Under the Federal Rules of Evidence, the Court “may judicially notice a fact that is not subject to reasonable dispute.” Fed.R.Evid. 201(b). A fact is not subject to reasonable dispute if it is “generally known within the trial court's territorial jurisdiction” or it “can be accurately and readily determined from sources whose accuracy cannot reasonably be questioned.” Id.; accord Lustgraaf v. Behrens, 619 F.3d 867, 885 (8th Cir. 2010) (“Judicial notice of a fact is only to be taken when that fact is not subject to reasonable dispute.”) The Court “may take judicial notice on its own” and “must take judicial notice if a party requests it and the court is supplied with the necessary information.” Fed.R.Evid. 201(c).

         Courts routinely take judicial notice of documents filed in other courts “not for the truth of the matters asserted in the other litigation, but rather to establish the fact of such litigation and related filings.” Kramer v. Time Warner, 937 F.2d 767, 774 (2d Cir. 1991); see Insulate SB, Inc. v. Advanced Finishing Sys., Inc., 797 F.3d 538, 543 n.4 (8th Cir. 2015); Kushner v. Beverly Enters., 317 F.3d 820, 832 (8th Cir. 2003); Lee v. City of Los Angeles, 250 F.3d 668, 690 (9th Cir. 2001) (“[W]hen a court takes judicial notice of another court's opinion, it may do so not for the truth of the facts recited therein, but for the existence of the opinion, which is not subject to reasonable dispute over its authenticity.”); C. Wright and K. Graham, 21B Federal Practice & Procedure § 5106.4 (discussing the distinction between taking judicial notice of the “existence” of a statement of fact in court records and taking notice of the “truth” of that fact).

         The Court finds the Plaintiffs' Motion to Strike should be denied. The Plaintiffs specifically refer to several state-court actions in their Amended Complaint and accordingly, the state-court filings are necessarily embraced within the allegations of the Amended Complaint. Also, the submitted Register of Deeds documents are public records.

         2. The Banks' and REO Asset Management Company, LLC's (“REO”) Motions for Leave to File Further Evidence (Filing Nos. 56 and 59)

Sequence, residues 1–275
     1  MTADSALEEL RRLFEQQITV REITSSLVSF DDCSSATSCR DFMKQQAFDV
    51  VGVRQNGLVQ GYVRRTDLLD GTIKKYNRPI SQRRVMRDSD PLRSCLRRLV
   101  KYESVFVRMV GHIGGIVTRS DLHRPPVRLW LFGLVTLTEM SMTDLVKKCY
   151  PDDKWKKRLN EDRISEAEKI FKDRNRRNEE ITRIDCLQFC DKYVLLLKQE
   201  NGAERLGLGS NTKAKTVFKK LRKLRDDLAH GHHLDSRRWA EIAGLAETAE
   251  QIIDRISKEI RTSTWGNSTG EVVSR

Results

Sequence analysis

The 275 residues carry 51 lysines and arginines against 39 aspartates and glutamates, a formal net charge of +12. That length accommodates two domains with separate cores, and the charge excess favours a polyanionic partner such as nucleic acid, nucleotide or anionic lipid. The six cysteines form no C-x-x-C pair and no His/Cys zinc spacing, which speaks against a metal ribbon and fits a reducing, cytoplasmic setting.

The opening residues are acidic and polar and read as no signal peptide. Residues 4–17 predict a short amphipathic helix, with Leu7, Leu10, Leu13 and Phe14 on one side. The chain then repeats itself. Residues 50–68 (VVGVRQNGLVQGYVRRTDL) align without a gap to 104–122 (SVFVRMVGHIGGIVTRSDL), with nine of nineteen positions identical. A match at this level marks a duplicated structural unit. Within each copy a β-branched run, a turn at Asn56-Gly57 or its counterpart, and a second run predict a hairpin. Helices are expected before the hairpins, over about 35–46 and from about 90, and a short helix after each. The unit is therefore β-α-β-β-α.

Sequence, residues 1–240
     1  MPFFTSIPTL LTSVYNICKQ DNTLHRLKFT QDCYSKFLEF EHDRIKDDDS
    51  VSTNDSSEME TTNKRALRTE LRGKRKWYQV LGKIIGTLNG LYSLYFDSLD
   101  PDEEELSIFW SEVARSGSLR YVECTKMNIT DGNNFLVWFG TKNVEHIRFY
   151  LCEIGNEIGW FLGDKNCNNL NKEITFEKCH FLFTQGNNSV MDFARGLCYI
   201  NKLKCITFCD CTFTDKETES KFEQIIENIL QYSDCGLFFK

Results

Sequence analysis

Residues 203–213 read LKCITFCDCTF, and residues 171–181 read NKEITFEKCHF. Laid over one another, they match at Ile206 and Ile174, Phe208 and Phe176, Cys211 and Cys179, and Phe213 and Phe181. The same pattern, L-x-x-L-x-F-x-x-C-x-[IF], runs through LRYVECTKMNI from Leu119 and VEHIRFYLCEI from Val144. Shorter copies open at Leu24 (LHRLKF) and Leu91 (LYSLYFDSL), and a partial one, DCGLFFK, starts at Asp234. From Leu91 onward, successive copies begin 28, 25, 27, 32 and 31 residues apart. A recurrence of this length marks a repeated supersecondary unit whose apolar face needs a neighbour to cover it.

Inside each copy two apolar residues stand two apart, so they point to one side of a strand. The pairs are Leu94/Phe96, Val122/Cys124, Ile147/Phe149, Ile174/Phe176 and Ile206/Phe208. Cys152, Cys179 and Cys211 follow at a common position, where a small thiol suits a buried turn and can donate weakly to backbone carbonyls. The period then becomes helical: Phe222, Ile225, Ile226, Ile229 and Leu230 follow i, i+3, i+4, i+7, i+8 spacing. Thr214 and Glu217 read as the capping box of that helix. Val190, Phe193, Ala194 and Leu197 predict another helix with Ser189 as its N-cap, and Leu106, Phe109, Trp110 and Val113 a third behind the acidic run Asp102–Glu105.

In these motions, defendants the Banks and REO Asset Management Company, LLC. seek leave to file as evidence in this case a recent order entered in one of the state-court cases (Filing Nos. 57-2 and 60-1, Mehner Family Trust, et al. v. Wells Fargo Bank, et al., Docket CI14-1901, Order dated Dec. 9, 2016). The state-court action is referred to and embraced in the Amended Complaint and the order is a public record. The Court finds the motions should be granted and the Court will take judicial notice of the order.

         3. The Plaintiffs' Requests to Take Judicial Notice (Filing Nos. 41, 51, and 64)

         The Plaintiffs request the Court take judicial notice of certain documents submitted in opposition to the Banks' Motion to Dismiss (Filing Nos. 41, 51) and in support of plaintiffs' Motion for Summary Judgment (Filing No. 64). This Court can take judicial notice of its own records and public records. All the records in Filing Nos. 41 and 51 are public records or records of the Court. All the records in Filing No. 64, except for documents identified in the request for judicial notice as numbers 2, 4, 7, 8, and 10, are public records or records of the Court. Items 2, 4, 7, 8, and 10[3] are various communications and a title report; none of these items comes from a source whose authenticity cannot be questioned, nor are the items authenticated. For the reasons stated above, the Court finds the motions should be granted in part and the Court will take judicial notice of ...